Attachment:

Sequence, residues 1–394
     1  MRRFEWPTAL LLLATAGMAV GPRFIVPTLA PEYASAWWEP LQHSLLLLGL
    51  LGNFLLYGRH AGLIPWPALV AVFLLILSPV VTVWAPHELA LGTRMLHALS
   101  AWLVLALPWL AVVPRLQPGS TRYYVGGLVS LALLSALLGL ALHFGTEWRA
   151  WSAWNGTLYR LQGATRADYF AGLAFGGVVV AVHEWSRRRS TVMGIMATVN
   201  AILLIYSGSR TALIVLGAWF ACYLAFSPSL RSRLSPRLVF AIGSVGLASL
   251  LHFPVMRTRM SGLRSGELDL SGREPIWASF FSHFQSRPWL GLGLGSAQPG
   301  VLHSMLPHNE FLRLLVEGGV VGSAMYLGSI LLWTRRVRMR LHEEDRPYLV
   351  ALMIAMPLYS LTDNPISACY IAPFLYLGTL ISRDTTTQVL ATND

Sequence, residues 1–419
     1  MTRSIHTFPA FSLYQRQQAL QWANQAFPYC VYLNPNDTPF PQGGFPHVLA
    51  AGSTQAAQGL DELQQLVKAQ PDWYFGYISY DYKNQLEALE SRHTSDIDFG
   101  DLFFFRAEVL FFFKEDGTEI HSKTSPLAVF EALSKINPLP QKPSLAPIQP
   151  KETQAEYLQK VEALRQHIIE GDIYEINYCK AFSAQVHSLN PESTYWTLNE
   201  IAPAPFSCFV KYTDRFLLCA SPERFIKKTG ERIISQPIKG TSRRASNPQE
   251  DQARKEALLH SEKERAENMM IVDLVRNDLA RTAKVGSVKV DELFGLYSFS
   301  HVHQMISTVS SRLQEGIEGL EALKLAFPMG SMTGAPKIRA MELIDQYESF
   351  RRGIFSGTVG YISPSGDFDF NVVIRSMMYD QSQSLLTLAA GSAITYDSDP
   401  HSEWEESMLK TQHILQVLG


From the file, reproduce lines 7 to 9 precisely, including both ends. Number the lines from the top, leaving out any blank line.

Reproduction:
   251  LHFPVMRTRM SGLRSGELDL SGREPIWASF FSHFQSRPWL GLGLGSAQPG
   301  VLHSMLPHNE FLRLLVEGGV VGSAMYLGSI LLWTRRVRMR LHEEDRPYLV
   351  ALMIAMPLYS LTDNPISACY IAPFLYLGTL ISRDTTTQVL ATND